Yet it is the love story, fixed in the memory of Roy, which moves our hearts. Roy’s 24-hour leave is extended by two days. Roy returns to Myra’s troupe home and the two share another romantic day with each other. Roy even proposes marriage and secures all the rituals and formalities for it—except the church officiation because the law prevents marriage after 3 P.M. Roy and Myra promise to be at the church at 11 A.M. the next morning to tie the knot before his departure to the front.
Bad news suddenly hits when Roy’s leave is cut short. He telephones Myra and tells her he is leaving later that night and wishes her to see him off as he departs. Myra defies Madame Olga and rushes to the train station only to catch a glimpse of Roy as the train departs and they wave to each other. Myra is subsequently dismissed from the troupe, along with her best friend, Kitty, and the two subsequently struggle to live without employment and dwindling revenue. She eventually turns to prostitution to sustain herself and Kitty just as Kitty had been doing to help Myra.
Myra’s hope for marriage and despondent struggle in the aftermath of Roy’s departure and seeming death (incorrectly reported in a newspaper), breaks our heart. The hopeful and lively Myra who so joyously announced she will be married is overcome by the harsh reality of the post-industrial world and the war consuming that world. She becomes a victim of war though she is far from the front. This too, is a great triumph of the film—it shows how civilians, and especially women, are victims of war. The bubbly and energetic Myra awoken by Roy becomes a truly defeated and broken woman. Then, as if by chance—a “miracle,” as Roy says—the two meet again at Waterloo Station when Roy returns home from the war. The promise of a better life reemerges.
However, the return of Roy causes a deep sense of guilt to consume Myra. Roy has been faithful to Myra and his peace in the midst of the maelstrom of war and imprisonment was his memories of Myra. Myra confides to Roy that “I loved you, I’ve never loved anyone else.” Although the guilt that consumes Myra eventually kills her, the love that she and Roy shared is not extinguished as it lives on in Roy’s memory.
Part of the power of Waterloo Station is its portrayal of the Augustinian reality of love and memory. More than 20 years later, with Roy about to embark on another tour of wartime duty, he is comforted by the memory of his love for Myra and Myra’s loving declaration—a truthful declaration—that she loved him and never loved anyone else. The peace that Roy finds on Waterloo Bridge just as the world is being consumed by a new world war is his memory of love for Myra. That memory of love brings a serene stillness in the emerging chaos and darkness.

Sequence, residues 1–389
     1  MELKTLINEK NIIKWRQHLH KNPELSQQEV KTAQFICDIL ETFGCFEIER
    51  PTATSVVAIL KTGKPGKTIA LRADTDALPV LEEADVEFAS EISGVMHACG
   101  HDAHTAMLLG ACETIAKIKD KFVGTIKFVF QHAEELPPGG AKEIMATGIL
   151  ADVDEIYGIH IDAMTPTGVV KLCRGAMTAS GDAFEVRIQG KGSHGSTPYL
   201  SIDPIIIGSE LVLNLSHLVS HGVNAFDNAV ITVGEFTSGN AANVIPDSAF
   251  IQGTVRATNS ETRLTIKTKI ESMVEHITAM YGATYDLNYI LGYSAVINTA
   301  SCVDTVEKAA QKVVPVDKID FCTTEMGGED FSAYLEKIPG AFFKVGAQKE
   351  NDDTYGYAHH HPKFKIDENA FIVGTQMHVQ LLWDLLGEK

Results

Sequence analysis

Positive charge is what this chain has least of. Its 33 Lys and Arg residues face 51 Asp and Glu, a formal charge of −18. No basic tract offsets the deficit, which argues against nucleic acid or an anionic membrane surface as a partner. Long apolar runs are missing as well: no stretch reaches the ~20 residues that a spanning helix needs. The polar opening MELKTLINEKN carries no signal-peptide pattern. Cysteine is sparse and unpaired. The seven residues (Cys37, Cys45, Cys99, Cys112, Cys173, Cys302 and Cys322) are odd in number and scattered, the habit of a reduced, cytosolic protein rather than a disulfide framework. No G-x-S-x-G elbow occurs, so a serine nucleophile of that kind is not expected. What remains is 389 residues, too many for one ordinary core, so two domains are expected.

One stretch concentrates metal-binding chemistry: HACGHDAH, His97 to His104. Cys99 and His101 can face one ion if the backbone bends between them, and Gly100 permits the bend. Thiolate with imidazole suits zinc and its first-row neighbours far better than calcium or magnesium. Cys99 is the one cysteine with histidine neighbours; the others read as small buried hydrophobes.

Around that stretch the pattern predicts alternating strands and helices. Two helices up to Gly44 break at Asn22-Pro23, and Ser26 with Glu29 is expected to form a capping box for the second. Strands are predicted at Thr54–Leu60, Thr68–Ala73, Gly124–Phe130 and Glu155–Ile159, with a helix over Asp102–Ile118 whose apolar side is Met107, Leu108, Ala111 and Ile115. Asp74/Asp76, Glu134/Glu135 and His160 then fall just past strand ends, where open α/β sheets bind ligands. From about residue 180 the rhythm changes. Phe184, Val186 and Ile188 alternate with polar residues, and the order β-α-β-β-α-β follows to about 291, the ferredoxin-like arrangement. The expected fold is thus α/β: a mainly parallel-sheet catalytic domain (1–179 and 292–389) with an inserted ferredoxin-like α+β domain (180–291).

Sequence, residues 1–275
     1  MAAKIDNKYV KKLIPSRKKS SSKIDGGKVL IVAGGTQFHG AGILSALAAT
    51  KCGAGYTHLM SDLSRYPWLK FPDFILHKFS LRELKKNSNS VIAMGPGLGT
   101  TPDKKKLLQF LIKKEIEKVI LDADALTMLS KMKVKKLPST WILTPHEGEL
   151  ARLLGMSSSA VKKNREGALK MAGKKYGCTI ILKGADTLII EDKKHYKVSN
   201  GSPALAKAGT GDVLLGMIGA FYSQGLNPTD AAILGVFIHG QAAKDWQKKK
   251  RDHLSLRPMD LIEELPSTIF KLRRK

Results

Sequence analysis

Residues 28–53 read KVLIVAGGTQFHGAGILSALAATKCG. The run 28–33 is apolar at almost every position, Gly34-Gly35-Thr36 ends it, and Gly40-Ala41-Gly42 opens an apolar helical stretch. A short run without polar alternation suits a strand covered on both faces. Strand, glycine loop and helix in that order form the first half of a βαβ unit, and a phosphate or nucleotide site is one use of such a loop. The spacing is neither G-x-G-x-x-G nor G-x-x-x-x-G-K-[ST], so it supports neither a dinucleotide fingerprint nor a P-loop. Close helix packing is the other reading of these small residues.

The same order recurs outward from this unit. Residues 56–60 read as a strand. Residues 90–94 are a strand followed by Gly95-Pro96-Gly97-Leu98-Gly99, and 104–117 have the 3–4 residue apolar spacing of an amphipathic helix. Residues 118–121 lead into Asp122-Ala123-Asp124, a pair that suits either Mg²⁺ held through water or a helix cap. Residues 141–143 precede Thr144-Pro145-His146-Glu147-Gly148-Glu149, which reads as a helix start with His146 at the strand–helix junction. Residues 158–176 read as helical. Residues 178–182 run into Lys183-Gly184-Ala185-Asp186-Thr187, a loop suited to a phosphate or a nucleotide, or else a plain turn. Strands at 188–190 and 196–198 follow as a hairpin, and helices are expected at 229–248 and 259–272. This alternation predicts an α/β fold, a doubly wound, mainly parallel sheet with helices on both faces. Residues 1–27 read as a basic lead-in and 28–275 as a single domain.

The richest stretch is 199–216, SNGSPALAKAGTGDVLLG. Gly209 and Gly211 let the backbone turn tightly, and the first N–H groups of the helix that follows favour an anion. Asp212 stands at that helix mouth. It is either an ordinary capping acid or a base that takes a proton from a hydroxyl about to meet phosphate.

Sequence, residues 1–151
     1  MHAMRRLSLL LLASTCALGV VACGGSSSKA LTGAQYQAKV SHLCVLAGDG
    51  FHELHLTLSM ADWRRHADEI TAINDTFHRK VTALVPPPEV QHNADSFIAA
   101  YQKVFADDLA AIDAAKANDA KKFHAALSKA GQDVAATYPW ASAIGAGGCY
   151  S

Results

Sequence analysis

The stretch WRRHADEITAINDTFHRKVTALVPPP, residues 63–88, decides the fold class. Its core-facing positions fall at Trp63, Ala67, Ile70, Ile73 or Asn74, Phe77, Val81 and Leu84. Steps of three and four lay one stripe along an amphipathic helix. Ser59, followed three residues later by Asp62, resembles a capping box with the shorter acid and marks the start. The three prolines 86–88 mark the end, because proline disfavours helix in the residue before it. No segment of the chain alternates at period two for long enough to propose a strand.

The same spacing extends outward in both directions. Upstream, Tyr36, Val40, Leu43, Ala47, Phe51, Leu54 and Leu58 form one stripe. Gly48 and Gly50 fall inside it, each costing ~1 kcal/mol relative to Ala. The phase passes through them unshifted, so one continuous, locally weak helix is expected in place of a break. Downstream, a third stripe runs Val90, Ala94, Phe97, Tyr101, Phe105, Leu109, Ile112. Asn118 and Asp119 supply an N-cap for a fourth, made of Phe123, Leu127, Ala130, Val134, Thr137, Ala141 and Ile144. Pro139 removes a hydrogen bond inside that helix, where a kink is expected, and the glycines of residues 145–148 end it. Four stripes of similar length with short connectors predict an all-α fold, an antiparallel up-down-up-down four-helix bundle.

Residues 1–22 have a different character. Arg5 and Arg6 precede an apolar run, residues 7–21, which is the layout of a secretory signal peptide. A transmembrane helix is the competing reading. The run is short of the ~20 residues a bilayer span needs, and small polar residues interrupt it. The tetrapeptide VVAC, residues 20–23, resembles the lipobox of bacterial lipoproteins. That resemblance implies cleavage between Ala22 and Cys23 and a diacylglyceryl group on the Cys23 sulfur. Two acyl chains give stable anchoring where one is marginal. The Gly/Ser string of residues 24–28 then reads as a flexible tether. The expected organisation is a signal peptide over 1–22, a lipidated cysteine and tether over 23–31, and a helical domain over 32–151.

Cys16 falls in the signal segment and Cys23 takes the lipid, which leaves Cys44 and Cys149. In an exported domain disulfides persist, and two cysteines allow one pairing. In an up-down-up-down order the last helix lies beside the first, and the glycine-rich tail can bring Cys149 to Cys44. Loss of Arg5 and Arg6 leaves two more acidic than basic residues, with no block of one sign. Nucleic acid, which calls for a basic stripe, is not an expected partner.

The flashback story captures a powerful element and reality that the original play, and the first film adaption, cannot capture because they are not works depicting the wellspring of love in the memory of humans. Although the romance between Roy and Myra is over, and it ended in a tragedy, the love which Roy and Myra shared lives forever in Roy’s blessed memory. Roy’s ascent to peace through love is forever with him and guides him—Myra’s loving declaration the still small voice that brings him serenity. In his darkest moments he can always turn to the reality of that joy in his memory.
Love is at once a victim of war but also the one reality of peace in the midst of war. This is what the film so powerfully communicates. Myra’s love, indeed, her innocence, becomes a victim of war. Roy’s love is also a victim of war. But the love that they did share can never be extinguished by war so long as Roy lives.
Roy’s memory holds that original joy he shared with Myra. And that can never be taken away. The unfallen joy of their love lives on eternally in the sacred memory of Roy. Should old acquaintances be forgot and never brought to mind? Waterloo Bridge gives us a very Augustinian answer to that question.